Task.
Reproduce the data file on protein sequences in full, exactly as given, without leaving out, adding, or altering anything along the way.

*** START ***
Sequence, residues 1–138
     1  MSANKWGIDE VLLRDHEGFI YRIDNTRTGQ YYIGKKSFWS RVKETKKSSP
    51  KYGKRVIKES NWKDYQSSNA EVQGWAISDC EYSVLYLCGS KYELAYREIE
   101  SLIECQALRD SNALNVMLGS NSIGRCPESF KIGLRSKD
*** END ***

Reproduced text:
Sequence, residues 1–138
     1  MSANKWGIDE VLLRDHEGFI YRIDNTRTGQ YYIGKKSFWS RVKETKKSSP
    51  KYGKRVIKES NWKDYQSSNA EVQGWAISDC EYSVLYLCGS KYELAYREIE
   101  SLIECQALRD SNALNVMLGS NSIGRCPESF KIGLRSKD